If you were to meet Kanita today, you would meet a confident, charismatic leader who likes to laugh and has never met a stranger -- and whose children are well-mannered and mature for their age. You would never guess the struggles Kanita has endured, including a period of homelessness.
“I’ve had a hard life,” she says. “I remember the pain.”
But Kanita is on the verge of becoming a homeowner, thanks to lots of hard work, good family and a little hand up from Charleston Habitat for Humanity.
Kanita has always strived to improve her family’s lot, and owning their own home has been part of the plan. She began researching housing options a year ago, found Habitat and applied. When the acceptance letter arrived, “I read the letter and cried,” she said. “I’m not a crier, so the kids just hugged me.”
Kanita has been intimately involved in the building of her own house, working on site even when no one else was. She likes the idea that the Joppa Way neighborhood is a real community where she doesn’t have to worry about her children’s safety when they are out playing. Four-year-old Connor will have a backyard, and 16-year-old Kanisha and 12-year-old Cora are already planning their sleepovers.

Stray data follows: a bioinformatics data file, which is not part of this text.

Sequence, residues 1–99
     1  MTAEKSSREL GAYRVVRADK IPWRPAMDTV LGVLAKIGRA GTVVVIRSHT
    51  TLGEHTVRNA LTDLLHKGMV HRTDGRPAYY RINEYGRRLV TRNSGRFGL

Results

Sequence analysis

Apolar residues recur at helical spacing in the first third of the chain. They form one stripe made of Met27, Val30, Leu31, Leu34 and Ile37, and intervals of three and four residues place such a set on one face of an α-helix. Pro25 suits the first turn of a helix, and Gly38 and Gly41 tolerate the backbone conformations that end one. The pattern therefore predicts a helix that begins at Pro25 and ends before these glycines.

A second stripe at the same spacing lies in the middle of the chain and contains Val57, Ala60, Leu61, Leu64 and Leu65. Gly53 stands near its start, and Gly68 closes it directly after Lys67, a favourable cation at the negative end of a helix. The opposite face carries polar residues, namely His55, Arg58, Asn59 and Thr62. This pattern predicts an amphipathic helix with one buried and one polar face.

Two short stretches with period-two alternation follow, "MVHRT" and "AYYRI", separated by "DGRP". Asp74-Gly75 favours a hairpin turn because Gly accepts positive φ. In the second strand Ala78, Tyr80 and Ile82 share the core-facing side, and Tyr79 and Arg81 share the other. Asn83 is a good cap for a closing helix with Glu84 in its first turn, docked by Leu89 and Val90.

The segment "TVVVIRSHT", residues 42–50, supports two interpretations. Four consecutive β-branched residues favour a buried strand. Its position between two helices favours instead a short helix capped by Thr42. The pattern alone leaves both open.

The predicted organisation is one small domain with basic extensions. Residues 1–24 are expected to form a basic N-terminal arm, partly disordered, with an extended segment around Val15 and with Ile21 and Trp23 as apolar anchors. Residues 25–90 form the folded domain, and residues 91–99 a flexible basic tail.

One Wednesday, a dozen or more of Kanita’s co-workers at Delta, where she has worked in operations for five years, volunteered on her house. The banter was warm and affectionate, and it was evident that she was held in high esteem.
Kanita has reveled in the 500 hours of sweat equity, learning about how her house gets made. She asks a lot of questions and makes mental notes, except for one thing. “I hate trusses with a passion,” she laughs. “Lifting them from the ground to the roof without machinery is hard work!”
But hard work has been the cornerstone of Kanita’s life and has gotten her and her family into their own home.
“There were days when I didn’t know where I’d be tomorrow or how I was going to get bread or milk,” she said. “Owning my own home makes me feel peaceful.”